Epiphany 2B Sermon (2015)

2nd Sunday after the Epiphany
Texts: John 1:43-51;
1 Sam. 3:1-10; 1 Cor. 6:12-20


Children’s Sermon

We finally have our Christmas decorations all taken down. The holidays are over. Except we do have another holiday tomorrow: the birthday of Martin Luther King, Jr., who would have turned 86 years-old on Friday had he not been killed.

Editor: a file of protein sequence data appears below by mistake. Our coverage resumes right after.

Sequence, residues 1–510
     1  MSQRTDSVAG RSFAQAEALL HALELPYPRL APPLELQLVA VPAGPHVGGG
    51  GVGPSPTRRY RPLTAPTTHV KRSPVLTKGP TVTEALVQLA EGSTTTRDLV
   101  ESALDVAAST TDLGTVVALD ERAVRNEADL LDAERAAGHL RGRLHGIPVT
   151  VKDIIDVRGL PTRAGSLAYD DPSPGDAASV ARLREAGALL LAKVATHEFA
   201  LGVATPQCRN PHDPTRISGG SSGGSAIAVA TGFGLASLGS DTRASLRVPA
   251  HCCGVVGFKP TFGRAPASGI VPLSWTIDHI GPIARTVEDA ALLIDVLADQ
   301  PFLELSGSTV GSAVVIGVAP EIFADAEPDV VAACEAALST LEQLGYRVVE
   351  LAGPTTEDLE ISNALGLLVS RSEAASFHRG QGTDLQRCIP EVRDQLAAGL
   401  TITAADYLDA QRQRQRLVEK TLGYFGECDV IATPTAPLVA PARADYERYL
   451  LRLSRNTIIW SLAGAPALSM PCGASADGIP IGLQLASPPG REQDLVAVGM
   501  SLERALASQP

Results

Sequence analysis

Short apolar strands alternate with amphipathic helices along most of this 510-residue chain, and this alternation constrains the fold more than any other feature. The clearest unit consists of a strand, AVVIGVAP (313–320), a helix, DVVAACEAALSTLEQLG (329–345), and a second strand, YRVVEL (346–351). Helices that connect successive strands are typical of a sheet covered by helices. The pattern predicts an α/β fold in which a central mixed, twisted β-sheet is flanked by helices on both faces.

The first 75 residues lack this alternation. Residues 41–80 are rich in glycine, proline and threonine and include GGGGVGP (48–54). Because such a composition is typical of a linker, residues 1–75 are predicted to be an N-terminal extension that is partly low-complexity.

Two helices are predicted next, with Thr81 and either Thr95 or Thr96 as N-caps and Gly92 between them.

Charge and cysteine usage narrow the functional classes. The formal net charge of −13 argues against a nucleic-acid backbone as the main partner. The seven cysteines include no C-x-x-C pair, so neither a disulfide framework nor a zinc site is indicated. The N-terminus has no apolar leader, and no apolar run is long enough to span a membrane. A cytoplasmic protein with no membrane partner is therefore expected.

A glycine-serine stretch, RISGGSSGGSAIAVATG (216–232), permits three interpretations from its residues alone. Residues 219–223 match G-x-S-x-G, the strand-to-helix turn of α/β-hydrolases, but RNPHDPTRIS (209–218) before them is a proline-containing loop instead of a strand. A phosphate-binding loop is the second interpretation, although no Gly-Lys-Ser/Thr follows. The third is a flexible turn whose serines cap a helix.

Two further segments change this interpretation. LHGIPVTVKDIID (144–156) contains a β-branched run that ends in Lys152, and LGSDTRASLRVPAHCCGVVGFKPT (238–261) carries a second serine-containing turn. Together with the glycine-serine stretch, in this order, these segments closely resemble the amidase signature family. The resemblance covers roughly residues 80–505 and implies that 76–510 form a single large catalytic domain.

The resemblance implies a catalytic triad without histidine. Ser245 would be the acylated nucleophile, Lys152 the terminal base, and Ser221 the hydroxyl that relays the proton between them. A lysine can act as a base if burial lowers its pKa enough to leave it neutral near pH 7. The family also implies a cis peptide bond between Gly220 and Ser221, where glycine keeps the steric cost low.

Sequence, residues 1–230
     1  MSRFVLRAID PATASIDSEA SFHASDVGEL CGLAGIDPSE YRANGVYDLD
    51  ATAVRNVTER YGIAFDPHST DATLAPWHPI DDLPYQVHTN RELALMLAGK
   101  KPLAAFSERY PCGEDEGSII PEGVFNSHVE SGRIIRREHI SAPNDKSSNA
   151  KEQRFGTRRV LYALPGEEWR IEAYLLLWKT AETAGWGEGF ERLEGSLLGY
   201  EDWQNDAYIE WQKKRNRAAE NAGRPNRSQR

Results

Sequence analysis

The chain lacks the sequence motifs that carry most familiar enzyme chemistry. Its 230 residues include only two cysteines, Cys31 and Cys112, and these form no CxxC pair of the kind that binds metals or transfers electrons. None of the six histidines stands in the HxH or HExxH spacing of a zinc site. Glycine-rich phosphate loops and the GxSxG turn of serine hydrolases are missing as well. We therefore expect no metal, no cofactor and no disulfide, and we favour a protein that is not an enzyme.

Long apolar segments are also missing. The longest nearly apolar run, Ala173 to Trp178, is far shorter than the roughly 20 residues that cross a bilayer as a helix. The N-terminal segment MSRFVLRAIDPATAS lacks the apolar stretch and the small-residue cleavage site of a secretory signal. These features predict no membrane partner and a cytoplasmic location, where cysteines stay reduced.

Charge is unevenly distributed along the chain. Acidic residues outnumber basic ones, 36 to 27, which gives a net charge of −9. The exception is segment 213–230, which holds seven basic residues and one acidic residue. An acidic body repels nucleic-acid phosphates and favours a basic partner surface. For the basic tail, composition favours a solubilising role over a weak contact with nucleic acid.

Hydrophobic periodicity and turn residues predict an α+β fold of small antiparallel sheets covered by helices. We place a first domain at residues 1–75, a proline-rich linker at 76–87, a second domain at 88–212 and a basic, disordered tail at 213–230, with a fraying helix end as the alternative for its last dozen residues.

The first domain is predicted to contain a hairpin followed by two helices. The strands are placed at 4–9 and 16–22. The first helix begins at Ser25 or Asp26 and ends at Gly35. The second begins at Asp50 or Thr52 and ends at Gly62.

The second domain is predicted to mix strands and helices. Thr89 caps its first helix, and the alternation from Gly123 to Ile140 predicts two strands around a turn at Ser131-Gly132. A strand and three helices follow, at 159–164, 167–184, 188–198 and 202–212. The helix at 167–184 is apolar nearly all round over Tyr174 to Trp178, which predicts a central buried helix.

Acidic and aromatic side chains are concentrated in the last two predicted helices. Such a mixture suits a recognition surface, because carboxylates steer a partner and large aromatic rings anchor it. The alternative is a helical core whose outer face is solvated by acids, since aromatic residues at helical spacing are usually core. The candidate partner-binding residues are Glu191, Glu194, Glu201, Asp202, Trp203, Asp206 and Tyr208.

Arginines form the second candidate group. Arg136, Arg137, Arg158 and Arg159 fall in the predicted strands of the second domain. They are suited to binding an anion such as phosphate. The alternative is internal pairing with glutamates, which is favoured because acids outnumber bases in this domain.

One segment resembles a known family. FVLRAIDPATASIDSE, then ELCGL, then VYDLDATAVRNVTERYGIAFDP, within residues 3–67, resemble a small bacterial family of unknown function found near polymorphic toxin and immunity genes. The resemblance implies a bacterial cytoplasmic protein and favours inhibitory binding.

I’d like to share with you how his birthday is special to me as a follower of Jesus by acting out why he’s so important. Dr. King showed us Jesus’ way of standing up against things that are wrong. But we need to start with something more familiar, an example of how we stand up against things that are wrong. I think the one you see the most in your life right now is bullying, when a bigger, stronger kid starts picking on or hurting a smaller one. [Choose two appropriately sized children to stand up.] Let’s say that [child 1] is bullying [child 2]. You know that’s wrong and you want to find a way to stop it. What the best and safest way to stop it? [Field suggestions until they land on, or you offer the right one:] That’s right! Get an adult. We get someone who is even bigger in the hope that [child 1] chooses to stop. [Place yourself or another adult between the two children.] And a teacher or adult at school is more than just bigger. They also stand for a lot of other people — the Principal, your parents, and all the adults in your life who want to keep you safe. They stand for what we call law and order — rules that keep things fair and safe. When we are in trouble from someone who wants to hurt us, for example, we call the police, right? And we are thankful that they risk getting hurt themselves to protect us. And when we are getting bullied at school or in the neighborhood, who do we call? An adult. That’s right, and it’s very important to remember.